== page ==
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NHL Draft

London's Max Jones combines size, speed

Top prospect for 2016 NHL Draft enjoying strong season in OHL

by Joe Yerdon / NHL.com Correspondent

Every Thursday, NHL.com will look ahead to the 2016 NHL Draft with an in-depth profile on one of its top prospects. 

BUFFALO -- Max Jones is one prospect for the 2016 NHL Draft in Buffalo who can use his skill set to set him apart. 

At 6-foot-3 and 200 pounds, Jones has the makeup to be a prototypical power forward, but it's everything else he can do that has him 11th in NHL Central Scouting's midterm rankings among North American skaters.

"[Jones is a] power forward who is an excellent skater and displays separation speed," said Dan Marr, NHL Director of Central Scouting. "[He is a] hard-hitting player who plays the game with an edge. Very good shot with a quick release. Loves to take the puck to the net and has good hands in tight." 

Jones has 21 goals and 40 points for the London Knights of the Ontario Hockey League this season. It's an improvement from last season, when he scored five goals and 10 points in 25 games for the United States National Team Development Program squad in the United States Hockey League. His ability to score goals has helped improve his standing headed into the draft, set for June 24-25 at First Niagara Center. 

"He possesses a rare blend of size, speed and skill," Matt Ryan of NHL Central Scouting said. "His separation speed and quickness make him a very intriguing prospect. He is a very dynamic skater for his size, which allows him to get into the prime scoring areas, creating chances for him to utilize his soft touch around the net." 

Don't let Jones' speed and skilled hands in tough areas fool you; he is a power forward in every sense of the term. 

He has 90 penalty minutes this season with London and had 116 penalty minutes with the USNTDP team. He piled up another 189 penalty minutes in 38 games with the United States National Under-17 team last season. As he has matured, Jones' penalty minutes have decreased, which means he's harnessing his physical play. 

"Max is an extremely physical player who plays with an edge," Ryan said. "The energy and aggression he plays with is infectious, and he has done a very good job of learning to control his emotions as he transitions to the OHL game." 

Jones is the son of former NHL veteran Brad Jones, who played for the Winnipeg Jets, Los Angeles Kings, and Philadelphia Flyers from 1986-92. Max said his father has been a serious influence on his life on and off the ice.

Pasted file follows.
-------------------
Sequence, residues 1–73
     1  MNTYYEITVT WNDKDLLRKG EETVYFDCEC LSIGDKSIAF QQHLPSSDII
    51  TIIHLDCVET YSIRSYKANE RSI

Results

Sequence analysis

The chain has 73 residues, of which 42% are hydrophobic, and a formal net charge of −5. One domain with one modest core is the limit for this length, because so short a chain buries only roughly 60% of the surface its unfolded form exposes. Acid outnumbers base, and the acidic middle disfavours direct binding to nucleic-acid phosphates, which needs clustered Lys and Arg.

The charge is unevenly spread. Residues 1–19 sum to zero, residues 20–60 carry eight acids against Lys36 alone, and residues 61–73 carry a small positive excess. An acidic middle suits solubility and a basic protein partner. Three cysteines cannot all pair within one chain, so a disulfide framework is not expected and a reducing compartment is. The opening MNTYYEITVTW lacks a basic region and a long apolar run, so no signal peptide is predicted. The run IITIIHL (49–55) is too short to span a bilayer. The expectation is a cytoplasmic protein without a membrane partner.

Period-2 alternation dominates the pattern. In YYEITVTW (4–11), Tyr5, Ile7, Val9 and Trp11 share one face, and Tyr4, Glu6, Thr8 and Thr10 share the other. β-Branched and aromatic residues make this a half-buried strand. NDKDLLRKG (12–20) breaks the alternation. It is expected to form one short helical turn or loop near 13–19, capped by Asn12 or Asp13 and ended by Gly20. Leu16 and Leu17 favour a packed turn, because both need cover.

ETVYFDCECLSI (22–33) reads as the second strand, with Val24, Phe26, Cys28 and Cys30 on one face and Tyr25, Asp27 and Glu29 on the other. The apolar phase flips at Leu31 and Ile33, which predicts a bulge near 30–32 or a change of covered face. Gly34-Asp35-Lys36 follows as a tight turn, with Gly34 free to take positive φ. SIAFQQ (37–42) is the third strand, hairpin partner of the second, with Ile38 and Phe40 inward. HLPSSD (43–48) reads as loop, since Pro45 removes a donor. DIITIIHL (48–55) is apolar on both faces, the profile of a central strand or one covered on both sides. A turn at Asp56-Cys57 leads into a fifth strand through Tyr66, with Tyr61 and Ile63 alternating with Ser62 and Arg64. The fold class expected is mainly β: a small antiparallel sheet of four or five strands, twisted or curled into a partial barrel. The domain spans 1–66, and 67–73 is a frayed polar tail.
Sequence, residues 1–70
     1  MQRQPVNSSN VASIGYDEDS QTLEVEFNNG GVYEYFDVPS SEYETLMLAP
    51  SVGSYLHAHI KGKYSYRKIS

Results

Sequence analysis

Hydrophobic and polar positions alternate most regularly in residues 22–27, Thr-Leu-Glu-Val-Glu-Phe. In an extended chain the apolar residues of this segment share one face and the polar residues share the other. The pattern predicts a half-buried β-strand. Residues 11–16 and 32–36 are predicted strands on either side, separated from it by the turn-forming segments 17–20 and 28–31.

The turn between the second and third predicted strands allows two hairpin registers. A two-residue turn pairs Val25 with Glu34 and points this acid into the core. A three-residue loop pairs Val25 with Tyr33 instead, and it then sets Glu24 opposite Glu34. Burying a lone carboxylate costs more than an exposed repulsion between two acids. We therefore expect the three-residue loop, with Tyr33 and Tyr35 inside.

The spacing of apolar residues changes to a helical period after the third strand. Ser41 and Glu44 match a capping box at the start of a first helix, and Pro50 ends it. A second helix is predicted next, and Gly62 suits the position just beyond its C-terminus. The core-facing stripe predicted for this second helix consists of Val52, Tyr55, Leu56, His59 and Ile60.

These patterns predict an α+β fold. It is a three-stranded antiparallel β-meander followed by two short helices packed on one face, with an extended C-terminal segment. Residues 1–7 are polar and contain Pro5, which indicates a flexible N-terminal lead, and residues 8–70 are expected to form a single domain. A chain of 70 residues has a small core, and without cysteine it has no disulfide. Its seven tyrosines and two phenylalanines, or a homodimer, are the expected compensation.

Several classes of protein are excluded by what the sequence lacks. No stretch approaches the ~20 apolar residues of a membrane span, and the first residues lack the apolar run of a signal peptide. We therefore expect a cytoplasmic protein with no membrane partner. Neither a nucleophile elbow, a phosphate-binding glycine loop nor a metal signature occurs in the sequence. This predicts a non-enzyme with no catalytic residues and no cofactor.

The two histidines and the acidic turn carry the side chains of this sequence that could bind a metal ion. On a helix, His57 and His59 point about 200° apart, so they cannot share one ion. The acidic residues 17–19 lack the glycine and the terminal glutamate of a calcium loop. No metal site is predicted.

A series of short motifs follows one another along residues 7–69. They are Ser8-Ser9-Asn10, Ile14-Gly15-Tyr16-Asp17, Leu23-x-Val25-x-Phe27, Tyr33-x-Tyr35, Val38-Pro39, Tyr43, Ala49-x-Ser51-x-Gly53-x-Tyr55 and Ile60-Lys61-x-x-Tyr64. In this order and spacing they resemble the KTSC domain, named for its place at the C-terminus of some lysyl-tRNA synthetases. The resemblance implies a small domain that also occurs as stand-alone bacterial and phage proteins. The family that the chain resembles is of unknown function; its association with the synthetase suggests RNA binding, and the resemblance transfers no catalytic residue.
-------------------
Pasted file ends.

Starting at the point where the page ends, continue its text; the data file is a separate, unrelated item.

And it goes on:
"He's a lot better skater, he's a lot faster than I was," Max Jones said at the CCM/USA Hockey All-American Prospects Game in September. "I can skate, but I play a lot [more] physical than he did. I don't know how that happened, but obviously he teaches me the aspects of the game that I don't have." 

The use of his size and physical ability is an area Jones' father encouraged him to use to his advantage. 

"He thinks the power forward role in the NHL is a big one," Jones said. "I try to play that role as best as I can, and he obviously knows what the power forward role is because he played in the NHL for six years, so anything he tells me I just listen to him." 

Jones' physical play in London under coach Dale Hunter shouldn't come as a surprise, considering how Hunter played during his NHL career, but could Jones' Knights teammates be the reason behind his offensive success? He plays alongside Toronto Maple Leafs prospect Mitch Marner, Arizona Coyotes prospect Christian Dvorak, and fellow 2016 draft prospect Matthew Tkachuk, who all are in the top five in OHL scoring.

"London is an extremely talented team and Max has done an impressive job of adjusting to the OHL," Ryan said. "He has been an extremely consistent performer and has shown steady development from the beginning of the season. The energy and passion he plays with is undeniable, and he has utilized his assets to be a positive factor for the London Knights." 

Jones, who has fit in well with the Knights, was given some advice on how to handle joining a high-profile team like London. 

"I'm in the same agency as [Max] Domi, so I touched base with him a bit," Jones said of the Coyotes rookie, who starred in London for four seasons. "Obviously he's a great hockey player and you want to follow up what he did there, so he just talked to me a lot about what to expect. He told me everything was going to be great, everything was going to be awesome. He said I'm going to have a great year and everything, and 10,000-plus fans are there. Everything should go great." 

So far, Domi's words have held true and Jones has had a great start to his junior career. He hopes it continues into the OHL playoffs, perhaps as far as the Memorial Cup, and ends with hearing his name called in the first round of the NHL Draft. 

"Max has continued to develop and play a bigger role on his team as the season has progressed," Ryan said. "He is a very attractive prospect who has the potential to be an effective player at the NHL level."

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